According to Treasury officials, 70 per cent of Australian retirees are currently receiving a full or part Age Pension. This is projected to decrease by only three per cent (to 67 per cent) by 2055. So clearly, for the foreseeable future (the next 30 years), most Australians will retire on some form of pension.
It is argued that a higher proportion of self-funded retirees is desirable and that our current superannuation system has been unsuccessful in reinforcing this shift to self-funding.
In fact, as noted in the Murray Financial Services Inquiry, our superannuation system is both ill-defined and poorly targeted. Why? Because, as frequently highlighted by think tanks, including the Grattan Institute, and per capita, the tax concessions on super favour the top 20 per cent of wealthy households at the expense of the broad mass of citizens.
Australian superannuants also pay the third-highest fees of all Organisation for Economic Co-operation and Development (OECD) nations, which equates to about $80,000 in eventual retirement income for a 50-year-old male.
Reviewing and changing these two critical inputs – tax concessions and fees on super – could ‘shift the needle’ considerably in terms of ultimate retirement savings for many ordinary Australians. But recent federal governments seem to possess little political will or interest in tackling these big issues.
Many not-for-profits and seniors’ associations have consistently highlighted the need for a comprehensive review of our retirement system that covers all aspects of the Age Pension, superannuation and retirement income–related tax. This call has been ignored, so the debate continues to fragment into disjointed demands for ‘part’ policies on each of these items. And, as such, in overlooking the ‘whole’, the debate has become ill-informed, partisan or both.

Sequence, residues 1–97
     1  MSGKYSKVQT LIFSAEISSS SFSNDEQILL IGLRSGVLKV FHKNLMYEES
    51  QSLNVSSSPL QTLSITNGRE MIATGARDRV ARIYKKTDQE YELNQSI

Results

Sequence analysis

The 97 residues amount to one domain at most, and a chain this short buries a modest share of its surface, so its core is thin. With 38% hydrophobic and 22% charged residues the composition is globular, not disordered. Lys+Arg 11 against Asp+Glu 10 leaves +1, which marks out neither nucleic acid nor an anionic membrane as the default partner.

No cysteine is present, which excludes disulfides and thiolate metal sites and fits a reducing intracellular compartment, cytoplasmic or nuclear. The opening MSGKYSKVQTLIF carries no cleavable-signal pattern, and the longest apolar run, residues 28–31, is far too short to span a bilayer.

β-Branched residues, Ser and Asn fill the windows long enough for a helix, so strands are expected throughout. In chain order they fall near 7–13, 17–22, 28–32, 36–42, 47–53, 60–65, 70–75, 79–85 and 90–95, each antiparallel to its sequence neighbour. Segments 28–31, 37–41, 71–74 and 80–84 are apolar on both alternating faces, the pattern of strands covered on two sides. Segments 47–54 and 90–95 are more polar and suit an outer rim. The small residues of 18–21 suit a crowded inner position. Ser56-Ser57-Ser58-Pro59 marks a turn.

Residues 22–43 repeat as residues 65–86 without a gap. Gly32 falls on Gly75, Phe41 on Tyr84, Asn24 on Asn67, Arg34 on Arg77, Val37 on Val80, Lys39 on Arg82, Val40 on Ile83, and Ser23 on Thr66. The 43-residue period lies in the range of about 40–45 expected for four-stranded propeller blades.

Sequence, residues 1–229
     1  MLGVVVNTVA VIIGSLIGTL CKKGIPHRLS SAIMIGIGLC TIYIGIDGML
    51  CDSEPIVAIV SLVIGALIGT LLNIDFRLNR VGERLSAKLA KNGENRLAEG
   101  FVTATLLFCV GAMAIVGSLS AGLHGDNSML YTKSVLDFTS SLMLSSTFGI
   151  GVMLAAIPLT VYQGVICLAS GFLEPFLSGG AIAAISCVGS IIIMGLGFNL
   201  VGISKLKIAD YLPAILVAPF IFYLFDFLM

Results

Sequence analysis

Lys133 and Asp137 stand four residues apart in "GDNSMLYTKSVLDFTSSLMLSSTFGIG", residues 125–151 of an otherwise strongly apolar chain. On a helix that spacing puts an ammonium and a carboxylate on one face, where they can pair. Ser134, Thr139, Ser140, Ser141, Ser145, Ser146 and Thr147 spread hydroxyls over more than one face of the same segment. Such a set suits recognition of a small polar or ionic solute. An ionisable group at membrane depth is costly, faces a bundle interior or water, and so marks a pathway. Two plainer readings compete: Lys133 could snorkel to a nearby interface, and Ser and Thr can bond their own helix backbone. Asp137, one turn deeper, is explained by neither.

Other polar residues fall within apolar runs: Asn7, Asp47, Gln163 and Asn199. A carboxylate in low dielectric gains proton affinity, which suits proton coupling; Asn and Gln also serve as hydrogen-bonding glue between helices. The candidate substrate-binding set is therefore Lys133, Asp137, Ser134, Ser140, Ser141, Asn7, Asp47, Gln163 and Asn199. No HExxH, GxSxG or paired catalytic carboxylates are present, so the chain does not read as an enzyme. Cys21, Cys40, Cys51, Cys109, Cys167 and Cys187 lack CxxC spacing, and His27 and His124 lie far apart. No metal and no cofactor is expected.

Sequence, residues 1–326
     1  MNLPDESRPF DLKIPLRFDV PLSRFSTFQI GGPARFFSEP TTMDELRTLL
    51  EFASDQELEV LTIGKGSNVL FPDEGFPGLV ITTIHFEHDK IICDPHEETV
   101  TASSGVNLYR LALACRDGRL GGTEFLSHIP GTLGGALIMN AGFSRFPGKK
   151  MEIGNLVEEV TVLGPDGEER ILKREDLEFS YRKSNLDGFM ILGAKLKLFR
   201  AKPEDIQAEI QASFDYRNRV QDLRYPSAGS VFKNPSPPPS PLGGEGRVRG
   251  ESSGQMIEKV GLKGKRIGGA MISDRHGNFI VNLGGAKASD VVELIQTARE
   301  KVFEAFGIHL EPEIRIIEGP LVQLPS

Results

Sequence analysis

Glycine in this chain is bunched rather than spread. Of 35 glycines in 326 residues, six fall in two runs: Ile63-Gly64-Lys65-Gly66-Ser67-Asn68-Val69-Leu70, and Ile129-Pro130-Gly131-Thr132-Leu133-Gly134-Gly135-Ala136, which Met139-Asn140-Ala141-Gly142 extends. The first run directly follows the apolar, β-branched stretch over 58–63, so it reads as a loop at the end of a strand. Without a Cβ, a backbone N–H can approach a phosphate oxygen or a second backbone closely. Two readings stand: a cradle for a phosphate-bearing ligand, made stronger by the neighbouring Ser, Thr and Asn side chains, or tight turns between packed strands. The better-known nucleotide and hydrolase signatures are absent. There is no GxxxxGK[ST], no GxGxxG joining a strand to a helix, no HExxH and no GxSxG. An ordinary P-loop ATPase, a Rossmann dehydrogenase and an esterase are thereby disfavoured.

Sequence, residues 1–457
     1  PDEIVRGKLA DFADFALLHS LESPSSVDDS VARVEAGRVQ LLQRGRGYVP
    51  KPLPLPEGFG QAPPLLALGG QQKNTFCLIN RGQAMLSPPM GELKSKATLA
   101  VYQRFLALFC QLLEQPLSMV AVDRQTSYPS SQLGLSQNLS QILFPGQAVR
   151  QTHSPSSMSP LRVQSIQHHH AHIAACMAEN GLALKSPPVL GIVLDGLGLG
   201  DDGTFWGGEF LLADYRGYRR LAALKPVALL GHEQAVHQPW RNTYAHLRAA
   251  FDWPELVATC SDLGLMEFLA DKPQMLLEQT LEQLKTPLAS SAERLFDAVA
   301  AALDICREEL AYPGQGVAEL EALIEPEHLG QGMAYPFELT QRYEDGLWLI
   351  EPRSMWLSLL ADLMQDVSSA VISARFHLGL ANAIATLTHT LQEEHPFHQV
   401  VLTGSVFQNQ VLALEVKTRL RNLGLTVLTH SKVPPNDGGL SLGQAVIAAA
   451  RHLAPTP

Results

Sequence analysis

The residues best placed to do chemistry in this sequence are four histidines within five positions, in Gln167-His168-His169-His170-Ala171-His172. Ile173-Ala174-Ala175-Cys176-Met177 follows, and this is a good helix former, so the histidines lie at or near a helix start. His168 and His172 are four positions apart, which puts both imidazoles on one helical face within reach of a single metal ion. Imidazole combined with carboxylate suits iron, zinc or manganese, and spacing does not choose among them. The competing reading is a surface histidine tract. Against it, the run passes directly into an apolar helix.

For instance, in Peter Martin’s ‘pop’ at the super industry – ‘Don’t fall for the super industry’s scare tactics’, The Sydney Morning Herald, 8 December 2015 – he claims that the Association of Super Funds of Australia’s (ASFA’s) estimation of income needed for a “comfortable” retirement as “absurdly high”.
Mr Martin’s selective list of household items could be seen to support his claim, but what he does not clearly state is that both “modest” and “comfortable” estimates are based on the assumption that the retiree fully owns their own house. In fact, Peter Martin states “… living costs plummet on retirement. Most retirees no longer face a mortgage, a saving of 30 per cent.”
Whilst that may have once been the case, the fact is that many baby boomer retirees are now entering retirement with debt, much of it mortgage-based, as reported by CPA Australia, which claims 37 per cent of retirees have a significant debt. It is simply wrong to assume the living costs of many retirees will “plummet” anytime soon.
A close reading of the ASFA living costs in retirement for those living a modest lifestyle reveals how truly straitened their circumstances are. For instance, a modest single is allocated $2.66 for weekly public transport, $20 per month for hairdressing and no expenditure at all on home repairs. What kind of planet would you live on where these amounts would cover your needs? I doubt Mr Martin would be happy if this was his lot.
Similarly, former senator Amanda Vanstone, who is enjoying an extremely generous parliamentary pension, also shares opinions on the lot of the poor and the need to tighten their entitlements, as witnessed in her recent diatribe on tax and super, which was simplistically selective in substantiation and bordered on an ideological rant (‘Our tax system is heading for trouble and tinkering won’t help’, The Age, 7 December 2015).